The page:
The universe is full of magical things, patiently waiting for our wits to grow sharper. - Eden Phillpotts
RFE/RL Daily Report

No. 84, 04 May 1992





SUCCESSOR STATES TO THE USSR

YELTSIN MOVES AGAINST CONGRESS. Russian President Boris Yeltsin
has called for a referendum on a new constitution which would
abolish the Russian Congress of People's Deputies. In his speech
to steel workers in Cherepovets, he said that one million signatures
should be collected throughout the country in favor of holding
the referendum, ITAR-TASS reported on 30 April. He added that
the Congress has been a Communist invention and has now outlived
its usefulness. Only a week before, Yeltsin had offered to cooperate
with the Congress and asserted that he was against dissolving
this body. He apparently changed his mind after three days of
travelling and meeting with people in Northern Russia. (Alexander
Rahr)

GORBACHEV CRITICIZES YELTSIN. Ex-Soviet leader Mikhail Gorbachev
said before his visit to the United States that Yeltsin is pushing
Russia too quickly toward reform and must slow down his course
"if he is a realistic politician." Otherwise a wave of social
explosions will "sweep him away." According to Western agencies
on 30 April, Gorbachev did, however, admit that he had not pushed
reforms quickly enough and had spent too much time trying to
improve the system. He added that he wished he had moved faster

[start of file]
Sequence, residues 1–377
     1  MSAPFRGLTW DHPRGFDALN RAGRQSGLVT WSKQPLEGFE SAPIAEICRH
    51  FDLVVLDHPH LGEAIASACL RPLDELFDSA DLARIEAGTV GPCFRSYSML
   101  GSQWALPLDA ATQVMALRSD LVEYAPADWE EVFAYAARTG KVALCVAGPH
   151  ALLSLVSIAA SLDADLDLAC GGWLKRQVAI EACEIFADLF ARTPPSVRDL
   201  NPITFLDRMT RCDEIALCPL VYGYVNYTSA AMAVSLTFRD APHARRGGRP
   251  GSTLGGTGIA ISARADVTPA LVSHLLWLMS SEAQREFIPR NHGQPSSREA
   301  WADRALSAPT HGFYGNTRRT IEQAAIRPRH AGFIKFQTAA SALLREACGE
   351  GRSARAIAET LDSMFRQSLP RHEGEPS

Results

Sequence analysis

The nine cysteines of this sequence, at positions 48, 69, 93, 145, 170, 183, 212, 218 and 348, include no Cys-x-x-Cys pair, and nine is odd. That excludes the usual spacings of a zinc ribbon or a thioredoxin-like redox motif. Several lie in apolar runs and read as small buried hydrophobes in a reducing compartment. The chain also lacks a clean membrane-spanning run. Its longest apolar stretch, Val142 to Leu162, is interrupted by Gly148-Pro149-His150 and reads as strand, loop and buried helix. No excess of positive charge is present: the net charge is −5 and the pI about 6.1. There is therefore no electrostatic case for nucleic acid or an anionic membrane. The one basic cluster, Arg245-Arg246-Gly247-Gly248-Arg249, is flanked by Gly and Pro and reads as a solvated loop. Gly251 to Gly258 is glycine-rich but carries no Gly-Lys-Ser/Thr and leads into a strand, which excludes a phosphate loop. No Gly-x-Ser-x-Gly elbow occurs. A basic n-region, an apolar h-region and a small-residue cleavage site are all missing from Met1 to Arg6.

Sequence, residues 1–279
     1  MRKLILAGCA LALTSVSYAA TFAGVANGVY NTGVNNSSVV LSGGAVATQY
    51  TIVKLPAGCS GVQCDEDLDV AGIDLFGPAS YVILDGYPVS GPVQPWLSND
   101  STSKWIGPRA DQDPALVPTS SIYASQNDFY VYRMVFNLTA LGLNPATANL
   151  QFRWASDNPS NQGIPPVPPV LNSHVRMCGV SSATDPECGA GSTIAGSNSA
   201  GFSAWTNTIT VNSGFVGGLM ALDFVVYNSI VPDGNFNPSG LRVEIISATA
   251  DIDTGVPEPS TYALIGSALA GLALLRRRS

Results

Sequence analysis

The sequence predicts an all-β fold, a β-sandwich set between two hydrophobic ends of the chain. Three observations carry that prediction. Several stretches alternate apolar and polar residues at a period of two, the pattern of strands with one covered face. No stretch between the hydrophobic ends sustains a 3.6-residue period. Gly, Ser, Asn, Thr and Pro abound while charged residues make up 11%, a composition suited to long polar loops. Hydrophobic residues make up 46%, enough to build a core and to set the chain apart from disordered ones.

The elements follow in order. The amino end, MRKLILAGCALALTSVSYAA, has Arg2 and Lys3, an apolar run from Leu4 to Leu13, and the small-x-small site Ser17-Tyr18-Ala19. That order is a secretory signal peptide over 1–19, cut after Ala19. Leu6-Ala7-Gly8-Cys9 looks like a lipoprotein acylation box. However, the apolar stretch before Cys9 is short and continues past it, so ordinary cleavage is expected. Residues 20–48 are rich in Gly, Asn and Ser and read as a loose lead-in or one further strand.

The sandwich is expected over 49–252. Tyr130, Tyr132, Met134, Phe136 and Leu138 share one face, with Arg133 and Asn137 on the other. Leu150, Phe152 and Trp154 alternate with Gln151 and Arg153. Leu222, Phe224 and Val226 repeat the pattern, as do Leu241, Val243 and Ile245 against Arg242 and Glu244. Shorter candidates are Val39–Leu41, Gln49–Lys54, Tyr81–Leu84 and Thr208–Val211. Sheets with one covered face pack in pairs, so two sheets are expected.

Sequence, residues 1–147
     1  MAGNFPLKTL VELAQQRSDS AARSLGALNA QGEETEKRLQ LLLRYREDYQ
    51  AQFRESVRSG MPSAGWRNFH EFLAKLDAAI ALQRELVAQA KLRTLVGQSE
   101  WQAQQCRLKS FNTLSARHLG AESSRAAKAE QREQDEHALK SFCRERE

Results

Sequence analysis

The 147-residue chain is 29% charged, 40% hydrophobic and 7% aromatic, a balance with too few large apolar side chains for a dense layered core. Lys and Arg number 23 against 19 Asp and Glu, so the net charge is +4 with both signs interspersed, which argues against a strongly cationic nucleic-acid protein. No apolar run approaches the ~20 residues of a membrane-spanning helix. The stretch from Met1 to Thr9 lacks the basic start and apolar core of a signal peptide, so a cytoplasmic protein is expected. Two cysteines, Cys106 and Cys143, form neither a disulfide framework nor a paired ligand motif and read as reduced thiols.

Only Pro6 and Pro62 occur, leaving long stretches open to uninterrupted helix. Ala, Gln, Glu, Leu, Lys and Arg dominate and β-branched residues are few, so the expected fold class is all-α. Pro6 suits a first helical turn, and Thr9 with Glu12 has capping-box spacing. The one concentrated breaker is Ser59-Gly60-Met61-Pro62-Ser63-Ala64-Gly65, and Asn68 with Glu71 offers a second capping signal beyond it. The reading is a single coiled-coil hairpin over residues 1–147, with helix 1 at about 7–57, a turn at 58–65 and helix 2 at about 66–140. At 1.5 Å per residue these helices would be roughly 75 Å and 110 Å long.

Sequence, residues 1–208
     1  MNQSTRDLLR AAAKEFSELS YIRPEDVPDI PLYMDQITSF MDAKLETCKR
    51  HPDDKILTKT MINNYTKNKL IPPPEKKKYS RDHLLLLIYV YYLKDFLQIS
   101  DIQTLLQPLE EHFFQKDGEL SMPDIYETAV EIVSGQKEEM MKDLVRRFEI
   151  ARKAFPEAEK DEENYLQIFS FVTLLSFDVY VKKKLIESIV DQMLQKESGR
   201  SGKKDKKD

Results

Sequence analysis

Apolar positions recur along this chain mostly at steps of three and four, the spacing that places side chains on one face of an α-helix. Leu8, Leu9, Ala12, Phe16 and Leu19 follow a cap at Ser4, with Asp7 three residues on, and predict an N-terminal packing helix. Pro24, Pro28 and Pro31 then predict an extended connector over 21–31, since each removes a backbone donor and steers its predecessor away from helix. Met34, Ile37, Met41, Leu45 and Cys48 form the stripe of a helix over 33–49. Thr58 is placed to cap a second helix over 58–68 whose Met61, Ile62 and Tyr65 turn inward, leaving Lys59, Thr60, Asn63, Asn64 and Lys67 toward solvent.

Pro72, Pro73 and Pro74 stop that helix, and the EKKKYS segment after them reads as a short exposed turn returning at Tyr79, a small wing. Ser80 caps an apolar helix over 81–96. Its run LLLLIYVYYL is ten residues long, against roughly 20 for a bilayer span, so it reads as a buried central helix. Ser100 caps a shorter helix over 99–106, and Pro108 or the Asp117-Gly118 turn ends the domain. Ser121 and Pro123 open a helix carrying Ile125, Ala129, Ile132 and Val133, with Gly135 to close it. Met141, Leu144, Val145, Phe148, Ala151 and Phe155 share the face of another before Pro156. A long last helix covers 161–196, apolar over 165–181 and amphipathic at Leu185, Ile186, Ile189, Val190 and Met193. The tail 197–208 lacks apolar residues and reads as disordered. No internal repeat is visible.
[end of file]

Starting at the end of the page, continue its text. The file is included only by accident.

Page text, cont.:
to allow private ownership. Gorbachev also denied that he wants
to return to politics. (Alexander Rahr)

PRIMAKOV ON RUSSIAN FOREIGN INTELLIGENCE. Russian foreign intelligence
chief Evgenii Primakov said during his visit to Sweden that the
number of KGB agents in Russian embassies is being reduced. Western
agencies quoted him as saying that his task is to protect Russia's
interests "without seeking confrontation with other countries."
When Swedish politicians complained to him about continued spying
by the military intelligence service (GRU) in the West, he admitted
that he had no control over the GRU since there was some rivalry
between his agency and the GRU. (Alexander Rahr)

SHAPOSHNIKOV ON CIS PROBLEMS. Marshal Evgenii Shaposhnikov, commander
in chief of CIS military forces, said in Moskovskie novosti on
3 May that while he originally advocated retaining unified forces
in the CIS, he now supports the late decision by Russia to create
its own army. In other comments, Shaposhnikov complained that
various CIS governmental agencies often failed to cooperate with
the armed forces, but said that he had received unwavering support
from Boris Yeltsin and Kazakh President Nursultan Nazarbaev.
He was also harshly critical of developments in the Baltic republics,
lashing out at Baltic leaders for the arrest of a Navy officer
and for demanding a quick military withdrawal from the region.
(Stephen Foye)

RUSSIANS PEDDLE ARMS IN MIDDLE EAST. IDF Radio out of Tel Aviv
reported on 30 April that Russian Vice President Aleksandr Rutskoi
had visited the Israeli Aircraft Industries earlier that day
and had suggested increased cooperation with Russian military
aircraft producers. Rutskoi reportedly scheduled a meeting in
two weeks time at the Sukhoi production plants with an Israeli
representative. Western reports out of Abu Dhabi on 30 April,
meanwhile, said that two Russian delegations, one from the Russian